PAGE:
Social Programs

Half day visit to Monreale

Minimum 25 pax
Date: July 10th
Time: 14:30pm - 19:00pm
€ 30 pp


With a splendid position high above the Conca d'Oro, the Monte Reale in Norman times was a royal hunting lodge and residence. It was not until William II decided to build the famous cathedral with a royal palace and monastery attached, that a town developed in its own right in the area. The city's heart and soul is still represented by the area radiating from the cathedral. On the north side lies Piazza Vittorio Emanuele with its fine Fontana del Tritone. The main front, however, overlooks the smaller Piazza Guglielmo, that gives access both to the cloister and a small public garden (last doorway on the right facing the cloister entrance). Beyond a large courtyard is a fine garden with a magnificent view over the Conca d'Oro. The warren of streets around are all lined with charming cafès, restaurants and souvenir shops.


The Duomo The Duomo is part of a magnificent complex that also comprises a Benedictine abbey and the royal palace, the latter converted into the Archbishop's Seminary in the late-1500s. The construction was initiated by William II, Roger II's grandson, around 1172. According to legend, the Virgin appeared to him in a dream to suggest that he build a church with money concealed by his father in a hiding place that she would reveal. The building had to be so grandiose as to rival the greatest cathedrals of most important cities in Europe and even outshine the beauty of the Palatin Chapel in Palermo built by Roger. The most high-skilled craftsmen came to be employed to work on the project, with no expense spared. To the north, the church was flanked by the royal palace and, to the south, by the Benedictine convent whose magnificent cloister can still be admired today.
The church contains the tombs of William I and William II, and enclosed within an altar, the heart of Louis IX, King of France who died in Tunis in 1270, when his brother Charles I ruled Sicily. The Cappella del Crocifisso features an elaborated marble baroque decoration, with a profusion of inlay work, shallow and high-relief carving, statues, and volutes. The wooden Crucifix is from the 15th century. The treasury, set to one side, houses various reliquaries and cult objects. Below the arch across the far side of the transept, sit two thrones with mosaic scenes above; the right one above the archbishop’s throne shows William II's symbolic tribute to the church (the king offers a model of the cathedral up to the Madonna); on the left, the royal throne stands as confirmation of the Divine Protection conferred upon the king (Christ Himself crowns William). This latter panel depicts two lions facing each other (Eastern in derivation) in the tympanum; these symbols of Norman power also feature on the armrest of the royal throne.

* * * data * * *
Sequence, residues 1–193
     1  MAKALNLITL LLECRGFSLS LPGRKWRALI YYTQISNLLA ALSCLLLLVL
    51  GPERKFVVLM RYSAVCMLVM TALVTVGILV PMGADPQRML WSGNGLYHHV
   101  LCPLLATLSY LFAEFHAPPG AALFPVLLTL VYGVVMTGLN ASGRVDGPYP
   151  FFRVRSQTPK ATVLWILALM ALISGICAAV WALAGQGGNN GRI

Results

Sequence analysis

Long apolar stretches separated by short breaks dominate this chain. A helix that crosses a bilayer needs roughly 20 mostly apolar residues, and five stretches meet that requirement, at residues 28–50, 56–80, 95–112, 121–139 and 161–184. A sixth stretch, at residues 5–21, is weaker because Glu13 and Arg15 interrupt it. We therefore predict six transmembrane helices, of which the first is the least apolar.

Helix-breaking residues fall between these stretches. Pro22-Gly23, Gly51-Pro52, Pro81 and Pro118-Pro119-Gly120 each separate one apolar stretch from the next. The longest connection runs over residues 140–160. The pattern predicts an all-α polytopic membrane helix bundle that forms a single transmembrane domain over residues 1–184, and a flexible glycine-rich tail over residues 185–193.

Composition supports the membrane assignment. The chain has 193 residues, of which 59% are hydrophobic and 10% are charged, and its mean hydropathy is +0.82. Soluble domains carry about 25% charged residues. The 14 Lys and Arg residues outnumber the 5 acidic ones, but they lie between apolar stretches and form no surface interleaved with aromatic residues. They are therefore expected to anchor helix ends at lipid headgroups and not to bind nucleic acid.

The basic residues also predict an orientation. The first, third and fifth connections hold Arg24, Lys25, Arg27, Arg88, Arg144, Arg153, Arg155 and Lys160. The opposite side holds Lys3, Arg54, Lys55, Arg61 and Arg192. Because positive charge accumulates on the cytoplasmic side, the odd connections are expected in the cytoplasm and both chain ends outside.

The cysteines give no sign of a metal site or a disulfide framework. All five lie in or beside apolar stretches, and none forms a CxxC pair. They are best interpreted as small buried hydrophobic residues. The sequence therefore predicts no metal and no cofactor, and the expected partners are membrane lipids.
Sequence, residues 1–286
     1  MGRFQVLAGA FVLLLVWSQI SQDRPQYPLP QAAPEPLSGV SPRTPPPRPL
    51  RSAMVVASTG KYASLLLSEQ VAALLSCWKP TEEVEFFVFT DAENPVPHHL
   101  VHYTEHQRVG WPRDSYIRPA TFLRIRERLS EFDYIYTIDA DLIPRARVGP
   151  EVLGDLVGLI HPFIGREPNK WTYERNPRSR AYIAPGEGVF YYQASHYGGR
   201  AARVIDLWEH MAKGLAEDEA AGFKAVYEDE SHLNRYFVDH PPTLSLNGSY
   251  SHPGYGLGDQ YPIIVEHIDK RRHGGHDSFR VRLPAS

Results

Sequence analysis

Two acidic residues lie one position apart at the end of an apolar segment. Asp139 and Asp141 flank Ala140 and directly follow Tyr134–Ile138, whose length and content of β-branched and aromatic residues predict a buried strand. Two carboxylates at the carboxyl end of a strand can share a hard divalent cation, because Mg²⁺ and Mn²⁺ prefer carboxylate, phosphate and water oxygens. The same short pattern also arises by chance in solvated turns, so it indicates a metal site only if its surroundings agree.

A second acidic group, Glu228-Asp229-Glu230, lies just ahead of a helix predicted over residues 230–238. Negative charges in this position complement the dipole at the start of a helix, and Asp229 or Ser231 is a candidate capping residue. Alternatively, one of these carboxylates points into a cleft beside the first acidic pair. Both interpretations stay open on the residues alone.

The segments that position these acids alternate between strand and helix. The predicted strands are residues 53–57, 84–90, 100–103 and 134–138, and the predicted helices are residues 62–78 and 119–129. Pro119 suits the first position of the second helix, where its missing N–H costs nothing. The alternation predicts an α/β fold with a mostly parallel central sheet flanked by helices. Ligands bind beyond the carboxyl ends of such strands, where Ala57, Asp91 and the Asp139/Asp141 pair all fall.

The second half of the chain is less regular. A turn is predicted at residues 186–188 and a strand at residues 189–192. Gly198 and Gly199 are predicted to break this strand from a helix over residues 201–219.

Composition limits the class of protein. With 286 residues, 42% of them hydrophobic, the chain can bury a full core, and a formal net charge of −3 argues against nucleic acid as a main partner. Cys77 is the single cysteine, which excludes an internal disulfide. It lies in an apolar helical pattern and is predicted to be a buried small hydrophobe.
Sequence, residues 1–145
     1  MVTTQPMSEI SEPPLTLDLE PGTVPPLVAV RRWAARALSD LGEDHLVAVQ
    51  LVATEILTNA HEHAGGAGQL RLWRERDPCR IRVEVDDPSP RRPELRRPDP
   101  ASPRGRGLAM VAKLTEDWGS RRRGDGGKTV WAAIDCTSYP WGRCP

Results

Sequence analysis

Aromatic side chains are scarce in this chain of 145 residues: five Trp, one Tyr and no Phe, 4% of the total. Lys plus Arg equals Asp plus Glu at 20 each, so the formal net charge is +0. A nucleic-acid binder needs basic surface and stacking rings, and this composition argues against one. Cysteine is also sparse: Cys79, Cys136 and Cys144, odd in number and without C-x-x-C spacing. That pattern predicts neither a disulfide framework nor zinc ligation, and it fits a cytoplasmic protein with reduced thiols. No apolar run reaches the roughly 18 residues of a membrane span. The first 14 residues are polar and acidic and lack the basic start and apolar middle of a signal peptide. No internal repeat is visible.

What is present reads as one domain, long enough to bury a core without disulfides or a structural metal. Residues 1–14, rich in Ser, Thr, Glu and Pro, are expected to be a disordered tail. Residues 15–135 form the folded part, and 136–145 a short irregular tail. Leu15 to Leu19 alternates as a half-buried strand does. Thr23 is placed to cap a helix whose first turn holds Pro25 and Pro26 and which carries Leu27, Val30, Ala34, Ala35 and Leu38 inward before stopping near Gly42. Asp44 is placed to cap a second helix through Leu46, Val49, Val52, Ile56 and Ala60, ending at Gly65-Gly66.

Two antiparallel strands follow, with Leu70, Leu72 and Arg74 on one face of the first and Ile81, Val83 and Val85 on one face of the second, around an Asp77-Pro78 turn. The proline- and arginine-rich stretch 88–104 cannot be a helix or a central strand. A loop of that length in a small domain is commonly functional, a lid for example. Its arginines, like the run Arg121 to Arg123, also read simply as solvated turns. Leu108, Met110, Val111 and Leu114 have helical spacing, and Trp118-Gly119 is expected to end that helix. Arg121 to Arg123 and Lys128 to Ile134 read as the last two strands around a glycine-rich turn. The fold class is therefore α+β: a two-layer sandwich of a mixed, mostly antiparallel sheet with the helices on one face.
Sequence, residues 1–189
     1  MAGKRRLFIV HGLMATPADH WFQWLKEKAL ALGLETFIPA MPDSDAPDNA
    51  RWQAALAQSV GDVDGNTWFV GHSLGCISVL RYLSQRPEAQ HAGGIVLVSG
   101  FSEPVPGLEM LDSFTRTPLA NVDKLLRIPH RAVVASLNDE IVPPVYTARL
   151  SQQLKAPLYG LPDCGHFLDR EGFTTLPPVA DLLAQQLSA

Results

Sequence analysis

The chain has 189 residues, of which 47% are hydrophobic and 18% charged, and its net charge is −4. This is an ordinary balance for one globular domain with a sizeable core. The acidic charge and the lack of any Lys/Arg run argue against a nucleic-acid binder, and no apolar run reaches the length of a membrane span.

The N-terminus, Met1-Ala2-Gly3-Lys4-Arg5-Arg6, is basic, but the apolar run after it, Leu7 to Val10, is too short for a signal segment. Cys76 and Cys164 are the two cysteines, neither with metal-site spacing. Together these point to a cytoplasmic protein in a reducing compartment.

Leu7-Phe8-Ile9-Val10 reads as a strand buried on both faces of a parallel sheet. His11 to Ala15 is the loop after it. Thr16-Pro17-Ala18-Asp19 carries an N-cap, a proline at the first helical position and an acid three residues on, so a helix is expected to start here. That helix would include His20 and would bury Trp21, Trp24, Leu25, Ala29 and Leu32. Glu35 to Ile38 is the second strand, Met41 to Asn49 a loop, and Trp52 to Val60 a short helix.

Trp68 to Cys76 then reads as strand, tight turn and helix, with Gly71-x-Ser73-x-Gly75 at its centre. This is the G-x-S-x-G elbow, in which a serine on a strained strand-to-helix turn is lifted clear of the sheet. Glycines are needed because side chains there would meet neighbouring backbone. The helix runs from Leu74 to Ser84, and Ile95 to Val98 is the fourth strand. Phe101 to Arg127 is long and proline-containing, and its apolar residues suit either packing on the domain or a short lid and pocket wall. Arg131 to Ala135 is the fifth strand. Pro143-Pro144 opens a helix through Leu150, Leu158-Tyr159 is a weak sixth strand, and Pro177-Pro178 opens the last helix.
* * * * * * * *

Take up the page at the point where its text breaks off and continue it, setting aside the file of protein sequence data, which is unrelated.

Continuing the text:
Mosaics - Against a gold background, the characters of the Bible re-enact their stories. The colours are not as bright as those of the contemporary mosaics in the Palatine Chapel, but the figures seem more expressive. They were completed between the late-1100s and early-1200s century by craftsmen from Venice and Sicily. The composition and their features, and the symbols used are often the same as those used in the Palatine Chapel. Their arrangement follow a precise programme in accordance with recommendations laid down under the papacy of Adrian I during the Seventh General Council at the second Council on Nicaea, that was convened so as to end the Iconoclastic Controversy (787). This specified that art should be an instrument of religion and serve to educate the faithful in the teachings of the Christian Church. The mosaic tell the story of Divine Redemption, beginning with the Creation of the Earth and Man, who by committing the act of Original Sin was forced thenceforth to toil and expiation, until God intervened by choosing the people that He will prepare for salvation (nave). The sending of Christ His own Son, represents the realisation of redemption through the sacrifice of His life (transept) and works (aisles). Christ's mission is then continued with the Foundation of the Church and the example given by those men that followed in His example (smaller apses).